Friday, October 22, 2021

Adieu, Buddhadeb



(1944 – 2021)

Shoma A. Chatterji


In many ways, Dasgupta was a typical product of the turbulent Seventies. Though not an activist himself, the poet in him with pronounced, pro-Left sympathies could not hold himself back from the volatile atmosphere of the time. According to Dasgupta himself, he never intended to be a political filmmaker. The fact that one can read some political point of view in his earlier films like Neem Annapoorna, Andhi Galli, Dooratwa and Grihajuddha, is testimony to his awareness and his commitment to give his voice to the time he lived and worked in, through his films.

Young Dasgupta was sensitive to the beauty and richness of the life around him, which spoke to him through images. “I always used to think in terms of images which I kept storing in my hard disk through the years, and whenever I want to, I can recall and translate them into the idiom of cinema,” Dasgupta would insist. Most of these memories belonged to his boyhood days. The image of his mother playing the piano in the evenings, of trips to nearby villages in railway trolleys, listening to the tales of railway labourers, of the various annual festivals which were marked by the acting participation of the Telengis, the expatriates from Andhra Pradesh. Added to this was the culture consciousness of the family, the poetry reading and the piano lessons.

“All these images keep coming back in my films,” says Dasgupta. Thus, the childhood mantra of chhoti moti pipra boti, lal darwaza khol de came back in little Navin’s fists in Lal Darja, the Telengi performers found a voice in Bagh Bahadur and the village magician turned up in Tahader Katha. “My fondness for films was a natural offspring of my passion for poetry and painting,” he would say.

To Dasgupta therefore, filmmaking, as also his poetry, was a mission and a quest. His radical commitment remains the hallmark of his genius. “We used to dream not of practical things as career and wealth but of a new world,” he said a bit wistfully. “For me, filmmaking is a quest. There are many questions we have to face in life and I am trying to find answers for some in my films. But I am not absolutely satisfied with any particular film of mine. It is this dissatisfaction that leads me on to the next film, and I must say this is a continuous quest,” he would say.

His later films such as Swapner Din, Janala, Aami O Amaar Madhubala, Kaal Purush and Uro Jahaj explore more in abstraction than in concrete images, the mindset of one of the most brilliant filmmakers in contemporary Indian cinema. The commitment and the dedication of the filmmaker are evident throughout these films but the fund-crunch and the time-cutting hiccups are sometimes evident. These films are better known abroad than in India. They are either released very late or are not released at all. The Indian audience therefore, remains deprived of films that mark an outstanding phase of his career where through a simple, narrative storyline, presented somewhat in anti-narrative style, he excels in portraying psychological insights into the mind of an ordinary man or woman to bring out some of the hidden, unpalatable truths and values of contemporary life.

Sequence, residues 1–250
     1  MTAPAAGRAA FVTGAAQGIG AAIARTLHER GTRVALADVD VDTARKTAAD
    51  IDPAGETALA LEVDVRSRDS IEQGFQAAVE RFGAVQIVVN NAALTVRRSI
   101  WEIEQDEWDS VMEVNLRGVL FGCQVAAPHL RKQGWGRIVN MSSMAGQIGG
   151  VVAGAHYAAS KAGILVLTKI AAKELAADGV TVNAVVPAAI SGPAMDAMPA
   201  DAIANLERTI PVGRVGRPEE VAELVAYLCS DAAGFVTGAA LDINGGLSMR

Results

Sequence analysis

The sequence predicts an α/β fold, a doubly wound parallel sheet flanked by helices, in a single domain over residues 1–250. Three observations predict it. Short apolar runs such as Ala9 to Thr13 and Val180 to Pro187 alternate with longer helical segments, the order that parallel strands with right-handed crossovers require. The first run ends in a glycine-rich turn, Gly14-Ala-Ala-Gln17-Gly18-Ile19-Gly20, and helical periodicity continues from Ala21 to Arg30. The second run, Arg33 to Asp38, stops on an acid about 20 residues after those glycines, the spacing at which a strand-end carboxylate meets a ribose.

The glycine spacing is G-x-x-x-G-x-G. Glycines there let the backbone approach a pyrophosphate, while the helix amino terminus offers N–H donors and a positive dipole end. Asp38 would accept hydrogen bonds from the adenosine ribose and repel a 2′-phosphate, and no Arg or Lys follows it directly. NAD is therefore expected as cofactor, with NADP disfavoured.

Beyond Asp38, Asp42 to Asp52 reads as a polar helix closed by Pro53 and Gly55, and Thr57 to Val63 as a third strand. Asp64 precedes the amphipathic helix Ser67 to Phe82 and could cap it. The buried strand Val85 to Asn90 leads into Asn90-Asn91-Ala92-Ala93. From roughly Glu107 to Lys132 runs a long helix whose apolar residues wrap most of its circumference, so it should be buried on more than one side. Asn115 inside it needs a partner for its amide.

“I find myself getting involved with ordinary people more and more. I have discovered that out of the ordinary, what emerges is something unique, something extraordinary. This is true of all my films and these two are no exception. Other than dreams and the loneliness of individuals, my two passions, I have also found the concept of a man’s failure an interesting element to portray through my films. The concept of failure in common sense understanding attaches to one who fails to succeed – success here defined again by common sense perceptions of material status symbols or recognition through reward, fame and glory. Dooratwa, Grihajuddha, Phera, Andhi Gali, Tahader Katha, Charachar, are depictions of men who the world in general would consider failures. They keep chasing me all the time, and the best way I can present them is through my films,” said Dasgupta.

Steering completely away from a chronological documentation of the filmmaker’s life and career essaying his birth, childhood and so on, the film takes a conceptual approach to probe into the psyche of a creative artist, capturing him in moments of pensive loneliness, as Dasgupta takes a ride in a local train, looks out of the window to catch a glimpse of the sky, listening to a Tagore song and so on.

When asked what made him explore the anti-narrative within the narrative, Dasgupta said, “I never stop mixing a bit of dream and magic with the reality around me. Otherwise, it becomes very predictable, repetitive, boring and tedious. This is a process of evolution that started a long time ago. I was in primary school and a magician came to perform for us. My first encounter with the magician and his magic taught me many things in life – that one can blend magic with love and magic with loneliness. I believe that dreams are so essential an ingredient of life that in its absence, one might actually invite nightmares, which is also a part of reality at times. Dreams and nightmares are just a part of reality and not the whole of it.” And that perhaps, could be called his “last word.”


Thursday, June 10, 2021

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Dr Shoma A Chatterji
Dr Shoma A Chatterji is a two-time National Award winner journalist, film scholar and author based in Kolkata. She has written 26 books of which 14 are on different aspects of Indian cinema. She has also authored the book 'The Cinema of Bimal Roy: An 'Outsider' Within' (Sage Publications) She contributes regularly in several print and digital media outlets in India and has won several Lifetime Achievement Awards for her contributions to gender issues and to cinema.

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